Growth continues to be weak. In November, industrial output grew 3.8% y/y, down 1.1 pps from Q3, much lower than the growth rates of recent years. Investment is also low, and was up 7.9% y/y, and down 1.2 pps from January-June. Its adjusted growth rate is instead negative. The real estate market is still cold: sales were down -14.2% y/y in November.
Consumption rose 3.9% y/y in November, down 1 pps from October, and its adjusted growth rate was 0.5% y/y, hitting its lowest level this year. But trade is still strong. Imports were up 26% y/y, and up 9.8 pps from Q3. Exports were up16.6% y/y.
Producer price growth finally reversed to a downward trend. The price level of the index of ex-factory industrial goods was the same as in October, and up 12.9% y/y, down 0.6 pps from October. PPI increased 1% m/m, 17.4% y/y from October, up 0.3 pps from October. We expect PPI growth to be slower next month. In November, CPI rose 2.3% y/y, up 0.8 pps from October. Its adjusted growth rate is the same as in October.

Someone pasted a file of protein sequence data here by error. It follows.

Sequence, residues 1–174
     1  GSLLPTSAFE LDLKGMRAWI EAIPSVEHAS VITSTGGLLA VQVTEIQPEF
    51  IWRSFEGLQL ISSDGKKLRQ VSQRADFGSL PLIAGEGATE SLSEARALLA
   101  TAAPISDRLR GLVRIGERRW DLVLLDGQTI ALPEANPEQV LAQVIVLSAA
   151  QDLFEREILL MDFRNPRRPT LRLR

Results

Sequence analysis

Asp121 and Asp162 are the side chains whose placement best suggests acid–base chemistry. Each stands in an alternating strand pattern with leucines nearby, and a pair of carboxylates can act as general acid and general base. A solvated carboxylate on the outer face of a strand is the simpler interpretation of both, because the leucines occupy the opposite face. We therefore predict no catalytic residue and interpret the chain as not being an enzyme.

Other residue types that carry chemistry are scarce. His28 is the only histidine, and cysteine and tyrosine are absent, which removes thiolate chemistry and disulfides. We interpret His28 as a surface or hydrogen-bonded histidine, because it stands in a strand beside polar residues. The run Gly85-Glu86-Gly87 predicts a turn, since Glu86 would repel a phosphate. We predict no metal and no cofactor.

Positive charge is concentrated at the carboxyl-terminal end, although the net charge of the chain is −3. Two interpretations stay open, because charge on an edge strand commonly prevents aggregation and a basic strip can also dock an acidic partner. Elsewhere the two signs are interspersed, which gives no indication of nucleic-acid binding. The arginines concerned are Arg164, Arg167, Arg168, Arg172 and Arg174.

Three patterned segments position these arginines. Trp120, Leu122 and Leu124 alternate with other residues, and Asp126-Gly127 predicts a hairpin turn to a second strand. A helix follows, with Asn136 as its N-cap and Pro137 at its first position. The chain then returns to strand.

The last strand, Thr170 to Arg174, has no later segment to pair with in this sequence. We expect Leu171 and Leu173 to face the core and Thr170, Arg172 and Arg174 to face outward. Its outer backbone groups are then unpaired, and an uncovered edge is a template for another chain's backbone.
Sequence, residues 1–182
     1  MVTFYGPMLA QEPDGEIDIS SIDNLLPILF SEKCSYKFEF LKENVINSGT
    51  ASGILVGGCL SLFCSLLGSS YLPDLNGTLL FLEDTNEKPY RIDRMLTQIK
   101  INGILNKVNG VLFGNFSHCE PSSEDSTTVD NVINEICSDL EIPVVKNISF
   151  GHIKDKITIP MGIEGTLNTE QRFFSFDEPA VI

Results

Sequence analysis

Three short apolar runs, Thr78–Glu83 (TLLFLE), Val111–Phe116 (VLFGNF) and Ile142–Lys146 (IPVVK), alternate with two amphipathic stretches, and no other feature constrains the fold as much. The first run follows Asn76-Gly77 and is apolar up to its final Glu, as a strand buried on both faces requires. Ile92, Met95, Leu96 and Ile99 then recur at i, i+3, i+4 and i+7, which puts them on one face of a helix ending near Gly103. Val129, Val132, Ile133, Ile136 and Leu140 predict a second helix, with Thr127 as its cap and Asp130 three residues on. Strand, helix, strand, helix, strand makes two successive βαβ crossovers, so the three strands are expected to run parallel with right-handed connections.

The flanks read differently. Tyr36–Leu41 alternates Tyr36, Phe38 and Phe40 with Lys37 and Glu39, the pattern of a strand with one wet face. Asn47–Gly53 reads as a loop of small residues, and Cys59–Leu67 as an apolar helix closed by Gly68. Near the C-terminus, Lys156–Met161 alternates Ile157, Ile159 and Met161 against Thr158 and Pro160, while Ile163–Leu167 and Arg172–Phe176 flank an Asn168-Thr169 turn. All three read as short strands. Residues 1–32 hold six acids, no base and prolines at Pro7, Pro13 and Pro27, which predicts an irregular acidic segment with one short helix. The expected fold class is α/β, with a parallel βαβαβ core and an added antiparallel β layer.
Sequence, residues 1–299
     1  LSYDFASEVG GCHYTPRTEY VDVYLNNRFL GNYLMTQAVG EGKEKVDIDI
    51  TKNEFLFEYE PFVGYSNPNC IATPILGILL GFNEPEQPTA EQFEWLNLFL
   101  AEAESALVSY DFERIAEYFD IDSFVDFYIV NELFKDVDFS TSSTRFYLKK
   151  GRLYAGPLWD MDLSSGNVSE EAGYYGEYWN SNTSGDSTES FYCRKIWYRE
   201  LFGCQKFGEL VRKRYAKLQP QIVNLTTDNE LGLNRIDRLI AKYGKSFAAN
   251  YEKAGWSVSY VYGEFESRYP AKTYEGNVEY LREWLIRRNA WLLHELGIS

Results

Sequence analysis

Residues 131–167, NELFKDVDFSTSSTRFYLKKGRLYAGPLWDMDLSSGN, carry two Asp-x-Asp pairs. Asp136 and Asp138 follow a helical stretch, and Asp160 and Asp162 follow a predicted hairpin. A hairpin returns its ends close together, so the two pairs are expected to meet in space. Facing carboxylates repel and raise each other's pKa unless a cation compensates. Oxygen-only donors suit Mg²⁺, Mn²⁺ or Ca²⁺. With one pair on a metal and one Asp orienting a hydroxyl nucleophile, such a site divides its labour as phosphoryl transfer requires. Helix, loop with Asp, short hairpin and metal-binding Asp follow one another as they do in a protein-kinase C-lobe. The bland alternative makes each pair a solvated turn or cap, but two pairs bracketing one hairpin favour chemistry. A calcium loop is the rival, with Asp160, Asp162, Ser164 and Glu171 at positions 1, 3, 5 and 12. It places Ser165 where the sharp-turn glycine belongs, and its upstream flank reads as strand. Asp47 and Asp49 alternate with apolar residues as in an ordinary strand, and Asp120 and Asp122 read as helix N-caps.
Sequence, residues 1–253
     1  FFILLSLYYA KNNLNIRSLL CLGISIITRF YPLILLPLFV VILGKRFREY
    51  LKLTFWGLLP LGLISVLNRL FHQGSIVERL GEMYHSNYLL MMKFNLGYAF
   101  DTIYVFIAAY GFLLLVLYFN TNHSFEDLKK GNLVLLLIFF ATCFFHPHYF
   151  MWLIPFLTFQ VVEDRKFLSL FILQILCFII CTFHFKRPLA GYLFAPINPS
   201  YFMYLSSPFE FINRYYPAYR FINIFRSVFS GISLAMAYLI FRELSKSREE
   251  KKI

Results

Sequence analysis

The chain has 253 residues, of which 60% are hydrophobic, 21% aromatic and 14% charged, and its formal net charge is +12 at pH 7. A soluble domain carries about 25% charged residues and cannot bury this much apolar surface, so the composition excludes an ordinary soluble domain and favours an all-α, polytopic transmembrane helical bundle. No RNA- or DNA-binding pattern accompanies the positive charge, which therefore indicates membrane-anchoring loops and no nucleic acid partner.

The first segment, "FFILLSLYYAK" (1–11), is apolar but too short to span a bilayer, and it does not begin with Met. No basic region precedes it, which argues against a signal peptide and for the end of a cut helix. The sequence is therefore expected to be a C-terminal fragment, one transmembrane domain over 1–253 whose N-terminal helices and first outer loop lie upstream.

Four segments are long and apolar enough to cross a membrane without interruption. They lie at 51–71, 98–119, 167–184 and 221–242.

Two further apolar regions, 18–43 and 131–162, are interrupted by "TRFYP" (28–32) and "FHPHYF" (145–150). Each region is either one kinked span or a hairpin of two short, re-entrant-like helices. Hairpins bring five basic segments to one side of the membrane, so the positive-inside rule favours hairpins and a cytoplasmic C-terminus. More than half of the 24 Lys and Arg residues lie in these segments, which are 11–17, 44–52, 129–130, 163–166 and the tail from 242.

Principal financial indicators operated at low levels in November. M2 rose 8.5% y/y, comparable with 2018 and 2019. M1 rose 3%, up only 0.2 pps from the lowest growth rate this year. There is still uncertainty over whether money growth’s downward trend will be reversed. Loan growth has been at its lowest since 1990, for three consecutive months.
The yuan has risen 2.6% against the dollar this year, even with the dollar strengthening 8% since May. This is in contrast to an unexpectedly weaker Chinese economy, and to real estate risks highlighted in the news headlines. Appreciation is likely due to strong export and investor confidence. We expect that the yuan may appreciate mildly in 2022, and that it won’t fall below 6 against the dollar. This is based on an expected stronger dollar, and expectations of further growth slowdown in China in 2022.